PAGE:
Catholic hermit comes out as trans on Pentecost Sunday, says the Church 'has to deal with us'

Saints Peter and Paul Church is a Roman Catholic Church in San Francisco's North Beach neighborhood, directly across from Washington Square.
Saints Peter and Paul Church is a Roman Catholic Church in San Francisco's North Beach neighborhood, directly across from Washington Square. | Getty Images

A Catholic hermit has come out as transgender male on Pentecost Sunday — the Christian celebration of the Holy Spirit and the birth of the Church — declaring that the Catholic Church must "deal with" trans-identified people.

Brother Christian Matson, a Catholic diocesan hermit in Kentucky, may be the first openly trans-identified individual in the position in the Catholic Church. The 39-year-old was raised in the Presbyterian Church but converted to Catholicism in 2010, four years after starting to transition genders.

Matson declared the intention to come out in an interview with Religious News Service with the permission of Bishop John Stowe of the Diocese of Lexington. 

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"You've got to deal with us because God has called us into this church," Matson was quoted as saying. "It's not your church to kick us out of — this is God's church, and God has called us and engrafted us into it."

According to the report, Matson felt a calling to minister to people in the arts after converting to Catholicism in 2010. However, a document completed by the Vatican in 2000 concludes that sex-change surgeries are "superficial" and do not change whether an individual was born male or female. The document answered the question about whether a woman who underwent a sex-change operation could serve as a priest, a role in the Church that can only be served by men.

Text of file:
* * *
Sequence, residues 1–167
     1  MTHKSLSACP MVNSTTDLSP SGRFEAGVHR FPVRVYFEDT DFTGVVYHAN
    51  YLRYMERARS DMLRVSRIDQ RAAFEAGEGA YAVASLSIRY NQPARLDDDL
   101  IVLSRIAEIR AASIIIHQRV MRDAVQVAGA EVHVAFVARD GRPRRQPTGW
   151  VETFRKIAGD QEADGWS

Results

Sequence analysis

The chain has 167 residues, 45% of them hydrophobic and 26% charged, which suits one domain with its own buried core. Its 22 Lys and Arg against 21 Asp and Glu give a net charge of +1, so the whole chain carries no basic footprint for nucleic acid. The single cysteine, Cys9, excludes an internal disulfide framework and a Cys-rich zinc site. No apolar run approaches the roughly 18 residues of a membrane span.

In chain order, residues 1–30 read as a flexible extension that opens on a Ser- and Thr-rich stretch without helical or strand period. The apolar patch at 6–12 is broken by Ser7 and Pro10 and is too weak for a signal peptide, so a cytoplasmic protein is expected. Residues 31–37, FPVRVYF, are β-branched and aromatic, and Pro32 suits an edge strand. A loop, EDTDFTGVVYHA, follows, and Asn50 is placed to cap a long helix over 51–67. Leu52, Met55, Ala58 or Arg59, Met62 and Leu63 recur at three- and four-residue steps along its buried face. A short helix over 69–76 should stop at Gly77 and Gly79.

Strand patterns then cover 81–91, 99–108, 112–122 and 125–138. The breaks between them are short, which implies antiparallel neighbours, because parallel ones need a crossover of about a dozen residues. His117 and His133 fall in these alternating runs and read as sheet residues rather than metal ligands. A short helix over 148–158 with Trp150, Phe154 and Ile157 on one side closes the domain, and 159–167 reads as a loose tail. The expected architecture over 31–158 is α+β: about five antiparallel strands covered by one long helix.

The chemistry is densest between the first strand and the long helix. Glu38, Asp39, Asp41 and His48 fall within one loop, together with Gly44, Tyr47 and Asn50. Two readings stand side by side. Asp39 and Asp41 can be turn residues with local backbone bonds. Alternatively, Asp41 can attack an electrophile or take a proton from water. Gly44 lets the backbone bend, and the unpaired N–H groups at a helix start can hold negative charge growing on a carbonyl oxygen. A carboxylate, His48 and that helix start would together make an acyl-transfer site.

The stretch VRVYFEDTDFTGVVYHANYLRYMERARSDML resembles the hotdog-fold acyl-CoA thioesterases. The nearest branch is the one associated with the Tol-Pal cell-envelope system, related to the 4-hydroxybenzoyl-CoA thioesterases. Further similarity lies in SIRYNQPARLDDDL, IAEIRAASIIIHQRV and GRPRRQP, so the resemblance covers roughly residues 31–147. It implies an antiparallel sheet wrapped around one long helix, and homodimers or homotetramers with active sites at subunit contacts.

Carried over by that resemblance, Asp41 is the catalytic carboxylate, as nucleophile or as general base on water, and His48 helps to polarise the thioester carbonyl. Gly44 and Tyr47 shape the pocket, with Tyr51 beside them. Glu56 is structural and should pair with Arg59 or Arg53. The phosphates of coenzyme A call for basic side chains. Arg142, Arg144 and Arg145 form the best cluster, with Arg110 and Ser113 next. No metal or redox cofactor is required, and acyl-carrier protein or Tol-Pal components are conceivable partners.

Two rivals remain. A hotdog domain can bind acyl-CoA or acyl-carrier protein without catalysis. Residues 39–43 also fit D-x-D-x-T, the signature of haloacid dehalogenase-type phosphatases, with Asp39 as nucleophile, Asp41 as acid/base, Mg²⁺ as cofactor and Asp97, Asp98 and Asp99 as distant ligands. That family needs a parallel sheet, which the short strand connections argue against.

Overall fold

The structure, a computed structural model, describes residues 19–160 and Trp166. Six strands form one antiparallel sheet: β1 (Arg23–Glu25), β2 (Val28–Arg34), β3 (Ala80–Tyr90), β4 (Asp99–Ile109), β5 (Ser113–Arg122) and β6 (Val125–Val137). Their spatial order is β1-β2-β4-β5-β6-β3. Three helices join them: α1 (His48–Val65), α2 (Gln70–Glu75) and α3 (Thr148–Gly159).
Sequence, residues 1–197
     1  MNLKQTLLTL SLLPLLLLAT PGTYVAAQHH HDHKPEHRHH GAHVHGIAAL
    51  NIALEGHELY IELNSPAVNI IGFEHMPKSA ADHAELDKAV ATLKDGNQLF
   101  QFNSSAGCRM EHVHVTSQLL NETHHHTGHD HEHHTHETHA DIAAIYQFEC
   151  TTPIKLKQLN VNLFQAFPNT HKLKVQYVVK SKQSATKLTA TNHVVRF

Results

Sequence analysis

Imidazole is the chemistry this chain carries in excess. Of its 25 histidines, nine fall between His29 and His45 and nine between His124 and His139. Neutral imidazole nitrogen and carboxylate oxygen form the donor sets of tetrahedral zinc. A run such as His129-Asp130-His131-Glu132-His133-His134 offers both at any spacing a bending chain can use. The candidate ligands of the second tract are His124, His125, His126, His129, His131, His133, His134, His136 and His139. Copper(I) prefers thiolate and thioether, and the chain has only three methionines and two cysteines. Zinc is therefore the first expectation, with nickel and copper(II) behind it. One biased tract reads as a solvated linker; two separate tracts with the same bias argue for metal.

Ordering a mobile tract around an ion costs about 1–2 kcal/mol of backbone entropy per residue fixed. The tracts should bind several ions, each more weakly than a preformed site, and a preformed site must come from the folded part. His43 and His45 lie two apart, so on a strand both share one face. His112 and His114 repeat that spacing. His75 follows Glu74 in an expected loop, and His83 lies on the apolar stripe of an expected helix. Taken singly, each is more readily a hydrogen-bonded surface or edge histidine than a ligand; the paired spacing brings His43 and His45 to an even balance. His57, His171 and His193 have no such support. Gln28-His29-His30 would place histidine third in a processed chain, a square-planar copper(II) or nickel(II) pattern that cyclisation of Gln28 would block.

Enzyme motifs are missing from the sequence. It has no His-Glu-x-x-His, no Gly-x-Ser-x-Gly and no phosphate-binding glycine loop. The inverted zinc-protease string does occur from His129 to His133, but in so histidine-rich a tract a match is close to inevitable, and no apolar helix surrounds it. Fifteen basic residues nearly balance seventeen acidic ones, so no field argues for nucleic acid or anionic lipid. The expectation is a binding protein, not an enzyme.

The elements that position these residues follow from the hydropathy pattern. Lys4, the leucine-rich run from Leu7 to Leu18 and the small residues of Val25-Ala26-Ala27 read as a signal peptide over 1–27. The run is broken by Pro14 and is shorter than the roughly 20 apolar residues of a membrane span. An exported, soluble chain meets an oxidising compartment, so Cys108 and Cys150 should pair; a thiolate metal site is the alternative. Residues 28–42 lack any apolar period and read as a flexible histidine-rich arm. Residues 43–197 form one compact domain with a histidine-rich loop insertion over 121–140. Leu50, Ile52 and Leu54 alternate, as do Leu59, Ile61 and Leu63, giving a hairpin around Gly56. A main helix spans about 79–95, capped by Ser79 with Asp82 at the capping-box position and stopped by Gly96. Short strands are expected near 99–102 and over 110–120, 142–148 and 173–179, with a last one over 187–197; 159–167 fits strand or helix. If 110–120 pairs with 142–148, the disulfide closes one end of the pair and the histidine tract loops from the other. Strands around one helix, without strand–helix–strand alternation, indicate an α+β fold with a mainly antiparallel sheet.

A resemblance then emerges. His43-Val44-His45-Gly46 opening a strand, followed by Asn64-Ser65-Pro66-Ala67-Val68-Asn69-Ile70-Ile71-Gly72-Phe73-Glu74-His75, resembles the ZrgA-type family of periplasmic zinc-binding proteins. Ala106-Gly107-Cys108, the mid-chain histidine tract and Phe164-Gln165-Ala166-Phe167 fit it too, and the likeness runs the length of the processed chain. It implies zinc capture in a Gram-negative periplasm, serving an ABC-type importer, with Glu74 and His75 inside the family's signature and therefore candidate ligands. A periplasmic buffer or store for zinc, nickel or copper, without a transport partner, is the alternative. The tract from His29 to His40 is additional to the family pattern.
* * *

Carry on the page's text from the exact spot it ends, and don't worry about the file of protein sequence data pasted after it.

After various religious communities and orders rejected Matson, a friend suggested reaching out to Stowe. The bishop is known for attempting to reach out to the LGBT community.

Matson wrote Stowe a letter in 2020 expressing the call to enter religious life as a trans-identified person. Matson eventually took vows as a diocesan hermit in August 2022. 

"Hermits are a rarely used form of religious life … but they can be either male or female," Stowe said of Matson. "Because there's no pursuit of priesthood or engagement in sacramental ministry, and because the hermit is a relatively quiet and secluded type of vocation, I didn't see any harm in letting him live this vocation."

In a phone interview with the Lexington Herald-Leader published Tuesday, Matson cited laws passed in Kentucky and other parts of the country and "policies being published in the Church, that are making life more difficult for transgender people and are based on faulty assumptions about them."

Last year, Kentucky passed a law banning cosmetic sex change surgeries and puberty-blocking drugs for minors with gender dysphoria. In April, the Vatican published "Infinite Dignity," a declaration that said "that human life in all its dimensions, both physical and spiritual, is a gift from God."

"Another prominent aspect of gender theory is that it intends to deny the greatest possible difference that exists between living beings: sexual difference. This foundational difference is not only the greatest imaginable difference but is also the most beautiful and most powerful of them," the document stated. "In the male-female couple, this difference achieves the most marvelous of reciprocities. It thus becomes the source of that miracle that never ceases to surprise us: the arrival of new human beings in the world." 

In November 2023, the Vatican's doctrinal office released a document stating that trans-identified individuals can be baptized and serve as godparents in some circumstances. 

The guidance says that people who have undergone sex-change surgeries or have taken cross-sex hormones can be baptized, provided "there are no situations in which there is a risk of generating public scandal or disorientation among the faithful."

Regarding whether a trans-identified person can serve as the godparent of a baptized child, the guidance stressed it "can be allowed under certain conditions" but noted that serving as a godparent is not a right. The document clarified that "pastoral prudence demands that it should not be allowed if there is a danger of scandal, undue legitimization, or confusion in the educational sphere of the ecclesial community."

Samantha Kamman is a reporter for The Christian Post. She can be reached at: Follow her on Twitter: @Samantha_Kamman

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